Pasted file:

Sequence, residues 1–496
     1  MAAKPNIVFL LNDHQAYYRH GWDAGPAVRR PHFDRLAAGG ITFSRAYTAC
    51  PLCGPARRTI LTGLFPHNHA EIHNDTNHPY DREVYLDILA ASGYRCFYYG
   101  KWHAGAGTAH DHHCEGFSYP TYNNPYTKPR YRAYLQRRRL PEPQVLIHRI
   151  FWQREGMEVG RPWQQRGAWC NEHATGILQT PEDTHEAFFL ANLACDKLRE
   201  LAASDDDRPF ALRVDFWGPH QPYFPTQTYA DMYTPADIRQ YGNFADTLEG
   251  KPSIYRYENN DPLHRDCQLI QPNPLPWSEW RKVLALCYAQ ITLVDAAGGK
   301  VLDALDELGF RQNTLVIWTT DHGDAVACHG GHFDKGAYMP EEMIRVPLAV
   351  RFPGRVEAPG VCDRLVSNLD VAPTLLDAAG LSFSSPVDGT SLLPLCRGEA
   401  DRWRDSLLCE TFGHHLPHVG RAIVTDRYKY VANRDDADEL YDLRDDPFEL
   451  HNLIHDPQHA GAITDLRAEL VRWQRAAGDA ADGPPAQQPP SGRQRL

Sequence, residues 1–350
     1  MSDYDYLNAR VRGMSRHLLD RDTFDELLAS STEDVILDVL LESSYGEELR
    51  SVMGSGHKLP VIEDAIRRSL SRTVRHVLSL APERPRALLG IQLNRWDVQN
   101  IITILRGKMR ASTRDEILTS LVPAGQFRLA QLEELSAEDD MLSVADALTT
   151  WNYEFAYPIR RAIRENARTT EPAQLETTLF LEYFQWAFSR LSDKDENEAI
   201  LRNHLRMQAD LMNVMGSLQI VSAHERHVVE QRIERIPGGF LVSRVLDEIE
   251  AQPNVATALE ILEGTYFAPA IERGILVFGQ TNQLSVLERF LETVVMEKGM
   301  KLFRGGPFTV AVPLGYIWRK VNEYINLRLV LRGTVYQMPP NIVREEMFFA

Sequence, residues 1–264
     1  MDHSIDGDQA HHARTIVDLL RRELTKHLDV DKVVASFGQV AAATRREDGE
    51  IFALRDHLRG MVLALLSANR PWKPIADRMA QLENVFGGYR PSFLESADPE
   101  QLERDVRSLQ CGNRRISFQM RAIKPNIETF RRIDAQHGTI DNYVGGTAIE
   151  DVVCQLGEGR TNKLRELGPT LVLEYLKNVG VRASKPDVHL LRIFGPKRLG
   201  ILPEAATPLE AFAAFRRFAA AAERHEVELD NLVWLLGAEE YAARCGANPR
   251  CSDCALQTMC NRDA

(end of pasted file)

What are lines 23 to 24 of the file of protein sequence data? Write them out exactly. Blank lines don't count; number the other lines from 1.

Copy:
   101  QLERDVRSLQ CGNRRISFQM RAIKPNIETF RRIDAQHGTI DNYVGGTAIE
   151  DVVCQLGEGR TNKLRELGPT LVLEYLKNVG VRASKPDVHL LRIFGPKRLG